Les Collines d’Anacapri (The Hills of Anacapri) depicts life in the small city of Anacapri, on the Island of Capri off the Italian mainland, which is famous for its joyous folksongs and folkdances.

La terrasse des audiences du clair de lune (The Terrace for Moonlight Audiences) is based on a description of the coronation festivities of George the V as Emperor of India that Debussy had read in the December 1912 edition of “Le Temps” magazine. The article had been submitted by Rene Puaux as part of his “Lettres des Indes” series.

 La Cathédrale engloutie (The Sunken Cathedral) belongs to the lost city of Y’s that has sunken to the bottom of the sea as a punishment. It emerges for a brief moment each morning to remind the people of their sins, but then slowly resubmerges. The cathedral bells and monks’ chants may be heard through the mist of dawn.

Des pas sur la neige (Footprints in the Snow) portrays a frozen landscape in the dead of winter.

Bruyeres (Heather) is a low-growing mauve flower. One can hear birds calling or the sounds of a shepherd’s flute a distance from the heather field.

 La fille aux cheveux de lin (The Girl with the Flaxen Hair) paints a serene picture of the Scottish maiden with hair of gold from Leconte de Lisle’s poem.

 Les sons et les parfums tournent dans l’air du soir (Sounds and Perfumes Mingle in the Evening Air) is based on a line of Charles Baudelaire’s poem, “Harmonie du soir”.

General Lavine Eccentric has indeed been described as “eccentric,” which is as apt a description as any I suppose. What “General Lavine” really reminds me of though is some of the music that Thelonious Monk would compose 40 years later.

 

Suite Bergamasque

The creation of this set of four pieces remains shrouded in a certain amount of mystery. In 1890, when Debussy was 28 and virtually unknown, he composed four brief pieces for piano but did not publish them. He came back to this music fifteen years later, in 1905. By this time, Debussy had become famous (or infamous): in the intervening years he had composed Prelude to the Afternoon of a Faun, the String Quartet, Pelléas et Mélisande , and La mer. Now he composed two new piano pieces, L’isle joyeuse and Masques, and intended to publish them along with the four pieces from 1890, but eventually he thought better of this plan. He published the new pieces separately, and he revised the earlier set and published it in 1905 under the title Suite Bergamasque. How much of this music is the work of an unknown music student in Paris and how much of it is the work the established and sophisticated composer he had become by 1905? No one is sure.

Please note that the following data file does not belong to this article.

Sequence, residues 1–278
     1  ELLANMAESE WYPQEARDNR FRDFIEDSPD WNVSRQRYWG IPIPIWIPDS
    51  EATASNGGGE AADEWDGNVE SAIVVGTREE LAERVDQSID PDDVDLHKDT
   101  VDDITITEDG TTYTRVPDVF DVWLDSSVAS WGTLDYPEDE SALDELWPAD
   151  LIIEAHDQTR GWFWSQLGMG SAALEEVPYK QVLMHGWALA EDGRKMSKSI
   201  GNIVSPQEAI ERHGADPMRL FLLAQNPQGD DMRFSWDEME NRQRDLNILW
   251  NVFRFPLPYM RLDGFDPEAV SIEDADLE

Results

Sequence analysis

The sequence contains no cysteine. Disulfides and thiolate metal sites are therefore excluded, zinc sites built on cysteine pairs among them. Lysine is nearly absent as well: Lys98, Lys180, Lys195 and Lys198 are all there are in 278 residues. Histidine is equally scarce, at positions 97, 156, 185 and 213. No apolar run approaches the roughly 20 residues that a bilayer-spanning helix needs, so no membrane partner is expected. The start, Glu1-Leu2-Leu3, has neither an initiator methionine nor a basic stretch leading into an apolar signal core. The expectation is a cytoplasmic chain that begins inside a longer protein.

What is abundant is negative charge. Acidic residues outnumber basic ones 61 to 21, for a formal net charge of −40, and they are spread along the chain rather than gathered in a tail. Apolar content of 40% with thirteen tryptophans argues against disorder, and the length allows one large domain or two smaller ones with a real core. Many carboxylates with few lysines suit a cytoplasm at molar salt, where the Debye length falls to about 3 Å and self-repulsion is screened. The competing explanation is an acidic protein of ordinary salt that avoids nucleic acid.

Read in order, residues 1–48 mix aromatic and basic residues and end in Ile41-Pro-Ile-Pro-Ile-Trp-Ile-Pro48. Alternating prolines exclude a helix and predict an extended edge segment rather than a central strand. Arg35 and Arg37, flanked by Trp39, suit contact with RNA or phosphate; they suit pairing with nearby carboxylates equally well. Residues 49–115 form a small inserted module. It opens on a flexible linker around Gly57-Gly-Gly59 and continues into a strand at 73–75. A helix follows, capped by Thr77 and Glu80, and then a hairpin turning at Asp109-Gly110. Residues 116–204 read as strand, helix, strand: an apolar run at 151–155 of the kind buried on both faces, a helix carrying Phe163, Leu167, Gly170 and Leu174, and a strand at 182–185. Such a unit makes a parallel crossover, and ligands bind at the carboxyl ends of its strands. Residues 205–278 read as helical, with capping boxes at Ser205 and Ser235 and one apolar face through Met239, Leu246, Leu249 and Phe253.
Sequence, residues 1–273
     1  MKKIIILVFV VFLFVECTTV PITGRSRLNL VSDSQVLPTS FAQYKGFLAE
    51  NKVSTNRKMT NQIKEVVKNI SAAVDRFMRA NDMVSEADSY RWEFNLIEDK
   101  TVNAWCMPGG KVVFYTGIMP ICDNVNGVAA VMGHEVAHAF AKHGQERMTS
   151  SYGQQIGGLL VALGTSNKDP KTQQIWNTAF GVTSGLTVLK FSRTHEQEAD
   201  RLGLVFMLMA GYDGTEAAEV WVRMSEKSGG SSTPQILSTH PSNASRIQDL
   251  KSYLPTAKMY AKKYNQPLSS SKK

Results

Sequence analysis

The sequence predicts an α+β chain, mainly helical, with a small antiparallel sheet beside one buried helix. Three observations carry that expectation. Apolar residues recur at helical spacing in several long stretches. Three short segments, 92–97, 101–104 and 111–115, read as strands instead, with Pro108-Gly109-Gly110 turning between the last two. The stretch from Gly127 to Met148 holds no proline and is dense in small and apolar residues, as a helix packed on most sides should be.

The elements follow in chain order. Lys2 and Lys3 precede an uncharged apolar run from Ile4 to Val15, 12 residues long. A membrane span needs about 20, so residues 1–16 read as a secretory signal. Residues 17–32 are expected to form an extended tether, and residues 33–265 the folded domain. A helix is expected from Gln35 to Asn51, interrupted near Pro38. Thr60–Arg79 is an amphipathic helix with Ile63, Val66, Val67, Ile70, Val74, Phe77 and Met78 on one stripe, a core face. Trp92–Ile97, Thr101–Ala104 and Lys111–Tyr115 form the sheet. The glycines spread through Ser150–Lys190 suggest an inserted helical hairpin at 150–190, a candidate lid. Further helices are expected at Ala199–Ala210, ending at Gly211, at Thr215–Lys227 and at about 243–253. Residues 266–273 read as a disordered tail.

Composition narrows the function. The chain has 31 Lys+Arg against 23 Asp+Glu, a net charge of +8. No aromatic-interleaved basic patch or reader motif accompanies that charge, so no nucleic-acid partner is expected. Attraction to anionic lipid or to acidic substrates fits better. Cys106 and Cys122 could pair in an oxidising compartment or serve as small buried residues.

The title is just as elusive. Bergamasque in one sense refers to something old or antique, but Bergamo is also the traditional home of Harlequin of the commedia dell’arte, a dramatic form to which Debussy was much drawn. In his Suite Bergamasque, Debussy set out consciously to evoke the keyboard music of seventeenth- and eighteenth-century France, and three of the movements of Suite Bergamasque are in forms that come directly from that music.

 

Suite Bergamasque I. Prelude

The opening Prélude springs to life with a great flourish and then often has an improvisatory air, as if the pianist might be making it up on the spot. It contrasts a flowing, elegant opening idea with a quiet and falling second subject, and Debussy drives the movement to a forceful close.

Suite Bergamasque II. Menuet

The Menuet is not in the minuet-and-trio form of Haydn and Mozart, nor does it even look back to the earlier French minuet. Instead, it evokes the graceful spirit of that formal dance form. Debussy’s marking is pianissimo et très délicatment, and its many grace-notes, triplets, and runs evoke the “archaic” sound of the clavecin or harpsichord.

 Suite Bergamasque III. Claire de Lune

The great exception in the Suite Bergamasque is its third movement, which does not look back to an earlier keyboard style. Clair de lune has become so familiar as an impressionistic portrait of moonlight that it is surprising to learn that in its earliest version this music had nothing to do with moonlight. In 1890 Debussy had originally titled this piece Promenade Sentimentale, and the music acquired its familiar name only when it was revised in 1905. This music fully deserves its popularity–no matter how over-familiar it may have become, Debussy’s fluid rhythms, haunting melodies, and delicate shading continue to work their hold on listeners (and pianists).

 Suite Bergamasque IV. Passepied

Debussy rounds off the suite with the Passepied, which was originally a sailors’ dance from Brittany (its title means “pass-foot”). In its original form, a passepied was in triple meter, but Debussy’s movement is in duple meter throughout. Beneath the crisp staccato of the left hand (which is heard in almost every measure), the right hand lays out two ideas: the sharp-edged opening theme and a more flowing second. For all its elegance, this movement is extremely difficult for the performer, and it ends beautifully, with a falling shimmer of eighth-notes that wink out on two final chords marked triple piano.

 

Advertisements